In what might seem like an intuitively non-obvious conclusion, a recent study finds that 3D printing is both cheaper and greener than traditional factory-based mass manufacturing and distribution. At least, it's true for making consumer plastic products on open-source, low-cost RepRap printers.
A team led by Michigan Technological University's Joshua M. Pearce conducted preliminary lifecycle analyses of three small plastic objects: a child's building block, a spout for a watering can, and a citrus juicer. The three objects chosen were considered typical of those people might want to print at home, and because open-source .STL files are easily available. They were also chosen to test different variables, such as the effect of fill percentage on environmental impact or geometrical complexity. The team included Pearce, associate professor of materials science & engineering, electrical engineering and computer engineering, and Megan Kreiger, graduate student in materials science & engineering.
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Researchers conducted preliminary lifecycle analyses of three small plastic objects: a child's building block, a spout for a watering can, and a citrus juicer. (Source: Joshua Pearce, Michigan Technological University)
The study, published in an open access article in ACS Sustainable Chemistry & Engineering, found that the advantages of 3D printing over traditional manufacturing were mostly due to two major differences. First, the amount of material used for each object is much lower with 3D printing, partly because it's additive manufacturing and partly because fill composition can be easily changed, leading to more efficient shape design and even less material in items that don't need mechanical strength. Second, because 3D printing occurs at the point of use, there's no high costs or environmental impact of shipping products long distances from countries with low labor rates to distant countries that buy the end product.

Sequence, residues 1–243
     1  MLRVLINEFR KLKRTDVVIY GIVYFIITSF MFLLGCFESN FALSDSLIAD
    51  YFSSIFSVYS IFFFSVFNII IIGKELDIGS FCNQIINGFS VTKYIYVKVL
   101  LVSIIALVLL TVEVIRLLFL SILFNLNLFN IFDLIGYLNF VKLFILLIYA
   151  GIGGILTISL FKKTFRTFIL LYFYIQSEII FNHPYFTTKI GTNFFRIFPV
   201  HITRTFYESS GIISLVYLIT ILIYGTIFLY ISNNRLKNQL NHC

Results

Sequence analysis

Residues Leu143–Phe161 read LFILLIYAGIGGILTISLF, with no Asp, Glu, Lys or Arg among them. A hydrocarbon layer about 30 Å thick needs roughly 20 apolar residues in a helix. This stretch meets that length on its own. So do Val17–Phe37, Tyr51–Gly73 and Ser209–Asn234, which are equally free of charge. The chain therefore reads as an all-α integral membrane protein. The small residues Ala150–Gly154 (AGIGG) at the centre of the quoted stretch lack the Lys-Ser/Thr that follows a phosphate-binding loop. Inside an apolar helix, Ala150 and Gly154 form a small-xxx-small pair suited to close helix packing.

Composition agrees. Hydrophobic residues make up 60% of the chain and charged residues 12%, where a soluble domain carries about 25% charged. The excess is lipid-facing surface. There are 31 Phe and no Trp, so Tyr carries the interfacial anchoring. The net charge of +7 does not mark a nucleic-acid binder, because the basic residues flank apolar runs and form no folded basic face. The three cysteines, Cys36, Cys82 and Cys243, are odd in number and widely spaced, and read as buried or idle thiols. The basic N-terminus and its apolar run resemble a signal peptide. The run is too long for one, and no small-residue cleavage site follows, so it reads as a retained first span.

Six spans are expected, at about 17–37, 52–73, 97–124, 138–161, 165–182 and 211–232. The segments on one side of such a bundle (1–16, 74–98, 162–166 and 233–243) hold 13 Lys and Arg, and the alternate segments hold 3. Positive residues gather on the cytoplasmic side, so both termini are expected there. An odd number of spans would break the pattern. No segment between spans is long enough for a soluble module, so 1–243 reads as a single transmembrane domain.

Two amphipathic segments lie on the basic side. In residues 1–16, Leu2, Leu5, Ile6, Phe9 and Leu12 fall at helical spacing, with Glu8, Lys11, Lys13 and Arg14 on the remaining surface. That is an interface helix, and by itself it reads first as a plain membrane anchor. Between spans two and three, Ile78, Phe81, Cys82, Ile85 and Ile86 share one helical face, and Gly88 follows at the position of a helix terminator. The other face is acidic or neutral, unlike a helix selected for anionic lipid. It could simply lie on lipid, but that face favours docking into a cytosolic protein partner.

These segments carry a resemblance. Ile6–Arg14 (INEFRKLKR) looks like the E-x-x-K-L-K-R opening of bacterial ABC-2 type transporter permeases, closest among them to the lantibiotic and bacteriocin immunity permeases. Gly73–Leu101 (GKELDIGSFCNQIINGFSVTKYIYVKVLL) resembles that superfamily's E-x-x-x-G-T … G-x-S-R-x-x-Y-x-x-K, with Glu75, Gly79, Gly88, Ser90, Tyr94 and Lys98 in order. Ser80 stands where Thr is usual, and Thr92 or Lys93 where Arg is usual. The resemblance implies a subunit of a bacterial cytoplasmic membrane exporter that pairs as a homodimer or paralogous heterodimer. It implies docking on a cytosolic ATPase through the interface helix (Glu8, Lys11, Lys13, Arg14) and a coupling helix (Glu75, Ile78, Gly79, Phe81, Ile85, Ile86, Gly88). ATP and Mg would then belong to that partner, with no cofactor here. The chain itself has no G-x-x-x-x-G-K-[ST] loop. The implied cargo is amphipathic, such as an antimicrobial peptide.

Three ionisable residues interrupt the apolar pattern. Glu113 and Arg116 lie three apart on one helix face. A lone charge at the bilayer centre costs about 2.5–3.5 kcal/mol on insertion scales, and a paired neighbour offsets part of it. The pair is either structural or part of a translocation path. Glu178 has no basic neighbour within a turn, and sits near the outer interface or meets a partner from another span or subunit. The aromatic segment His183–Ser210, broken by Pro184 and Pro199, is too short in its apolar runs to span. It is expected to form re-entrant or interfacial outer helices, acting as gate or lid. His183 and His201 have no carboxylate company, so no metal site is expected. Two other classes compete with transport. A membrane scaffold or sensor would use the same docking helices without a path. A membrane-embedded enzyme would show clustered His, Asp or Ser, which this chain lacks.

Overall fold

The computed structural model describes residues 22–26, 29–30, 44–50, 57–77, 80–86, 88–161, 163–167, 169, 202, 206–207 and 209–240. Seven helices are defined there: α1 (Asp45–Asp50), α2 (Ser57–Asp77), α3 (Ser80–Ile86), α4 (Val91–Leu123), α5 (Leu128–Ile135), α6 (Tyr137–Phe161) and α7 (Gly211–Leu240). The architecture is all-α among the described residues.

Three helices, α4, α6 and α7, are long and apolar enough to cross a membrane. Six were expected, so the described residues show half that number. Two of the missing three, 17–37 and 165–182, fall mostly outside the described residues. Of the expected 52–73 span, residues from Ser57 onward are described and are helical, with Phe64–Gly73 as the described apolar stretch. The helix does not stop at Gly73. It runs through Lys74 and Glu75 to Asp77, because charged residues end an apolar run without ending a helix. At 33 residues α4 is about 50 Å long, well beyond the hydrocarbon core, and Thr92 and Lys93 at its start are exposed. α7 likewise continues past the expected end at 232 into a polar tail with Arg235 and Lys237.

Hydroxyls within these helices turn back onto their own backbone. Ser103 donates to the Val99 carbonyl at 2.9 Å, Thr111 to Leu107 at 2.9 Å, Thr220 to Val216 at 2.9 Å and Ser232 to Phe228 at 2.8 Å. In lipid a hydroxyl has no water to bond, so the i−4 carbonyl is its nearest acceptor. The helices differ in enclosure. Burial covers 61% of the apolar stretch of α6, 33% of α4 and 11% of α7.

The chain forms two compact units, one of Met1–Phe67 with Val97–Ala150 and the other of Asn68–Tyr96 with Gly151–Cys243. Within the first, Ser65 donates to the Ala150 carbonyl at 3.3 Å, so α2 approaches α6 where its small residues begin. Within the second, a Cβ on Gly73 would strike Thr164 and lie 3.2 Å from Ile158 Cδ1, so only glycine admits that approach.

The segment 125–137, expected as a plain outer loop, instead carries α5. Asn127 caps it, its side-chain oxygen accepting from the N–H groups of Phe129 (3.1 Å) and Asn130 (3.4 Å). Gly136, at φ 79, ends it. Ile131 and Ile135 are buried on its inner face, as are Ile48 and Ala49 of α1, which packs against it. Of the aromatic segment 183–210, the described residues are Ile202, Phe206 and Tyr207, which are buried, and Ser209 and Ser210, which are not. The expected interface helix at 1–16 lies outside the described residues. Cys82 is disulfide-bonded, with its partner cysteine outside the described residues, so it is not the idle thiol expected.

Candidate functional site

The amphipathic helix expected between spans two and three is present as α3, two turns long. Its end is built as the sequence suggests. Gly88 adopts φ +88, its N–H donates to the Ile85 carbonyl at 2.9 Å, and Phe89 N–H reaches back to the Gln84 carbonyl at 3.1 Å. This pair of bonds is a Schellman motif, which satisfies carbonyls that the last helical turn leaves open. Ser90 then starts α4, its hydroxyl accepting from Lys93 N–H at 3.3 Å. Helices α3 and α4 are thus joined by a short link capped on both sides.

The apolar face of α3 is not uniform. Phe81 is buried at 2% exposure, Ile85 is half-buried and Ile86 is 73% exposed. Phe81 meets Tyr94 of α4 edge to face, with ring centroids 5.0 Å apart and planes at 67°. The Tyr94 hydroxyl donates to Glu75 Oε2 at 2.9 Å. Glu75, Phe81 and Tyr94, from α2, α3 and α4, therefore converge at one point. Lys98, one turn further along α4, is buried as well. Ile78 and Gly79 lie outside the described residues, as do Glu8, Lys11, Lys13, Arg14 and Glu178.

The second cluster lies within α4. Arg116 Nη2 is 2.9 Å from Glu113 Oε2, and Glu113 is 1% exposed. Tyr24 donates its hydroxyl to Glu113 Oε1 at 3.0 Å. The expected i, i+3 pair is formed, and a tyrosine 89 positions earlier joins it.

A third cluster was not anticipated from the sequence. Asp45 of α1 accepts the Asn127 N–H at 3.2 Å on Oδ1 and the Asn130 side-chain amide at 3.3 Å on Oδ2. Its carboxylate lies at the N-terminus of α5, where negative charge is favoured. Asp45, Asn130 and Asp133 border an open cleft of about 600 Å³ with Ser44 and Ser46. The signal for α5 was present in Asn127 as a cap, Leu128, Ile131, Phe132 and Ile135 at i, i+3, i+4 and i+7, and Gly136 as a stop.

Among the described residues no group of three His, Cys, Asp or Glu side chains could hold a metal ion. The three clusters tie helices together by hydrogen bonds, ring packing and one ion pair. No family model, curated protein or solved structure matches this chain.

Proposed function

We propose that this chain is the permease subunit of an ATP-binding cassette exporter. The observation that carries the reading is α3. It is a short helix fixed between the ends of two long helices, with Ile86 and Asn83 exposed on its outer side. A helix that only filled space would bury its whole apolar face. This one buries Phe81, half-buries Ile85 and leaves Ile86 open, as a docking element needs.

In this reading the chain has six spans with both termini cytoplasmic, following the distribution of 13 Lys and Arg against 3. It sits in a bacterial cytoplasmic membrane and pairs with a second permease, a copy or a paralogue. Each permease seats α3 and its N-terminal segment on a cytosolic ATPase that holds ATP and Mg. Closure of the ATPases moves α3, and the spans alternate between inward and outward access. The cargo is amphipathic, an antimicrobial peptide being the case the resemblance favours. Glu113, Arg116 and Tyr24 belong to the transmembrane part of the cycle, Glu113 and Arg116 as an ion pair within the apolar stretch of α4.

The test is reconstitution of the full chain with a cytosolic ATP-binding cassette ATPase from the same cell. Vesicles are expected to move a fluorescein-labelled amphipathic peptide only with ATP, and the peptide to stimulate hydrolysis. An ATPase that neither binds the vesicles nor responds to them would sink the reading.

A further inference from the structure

The study concluded that the total energy demand of manufacturing plastic products can be reduced 41 to 64 percent and emissions can be reduced a similar amount when using PLA with less than 25 percent. Results were even better, at 55 to 74 percent, when using a solar photovoltaic-based distributed electricity generation system, since solar PV systems can be scaled to match existing loads. Reductions were not as great for the products made with ABS, since it requires higher temperatures for the print bed and extruder.
Kreiger and Pearce point out in the article that the aggregate environmental benefits of distributed manufacturing are not yet clear, "due to the potential for increases in the overall embodied energy from reduction in scale (e.g., thermodynamic limitations to working with smaller volumes)." With that in mind, they also mention the fact that different methods are being evaluated to reduce the energy required for the 3D printing build platform.
In an earlier open access article, Pearce and a different team established in a lifecycle economic study that an average household could save up to $2,000 a year making their own plastic products at home with a RepRap compared to buying conventionally made versions. In the new study, the authors note that costs of the manufactured objects can be reduced much further by using filament made from recycling post-consumer materials via open source RecycleBots at the point of use.
Aside from these eye-opening conclusions, I also found this study interesting because it talks about 3D printing as a technique for achieving distributed manufacturing. Distributed manufacturing, often in lower volumes, is being discussed as an alternative to the centralized, high-volume manufacturing that has become the traditional method around the world. As the costs of fuel and the demand for fuel have risen, along with concerns about the environmental impact of emissions, methods for implementing distributed manufacturing are getting a lot more attention. Cloud computing, cloud 3D printing via the Web or via fax, and the emergence of techniques for cloud manufacturing, are all part of this discussion.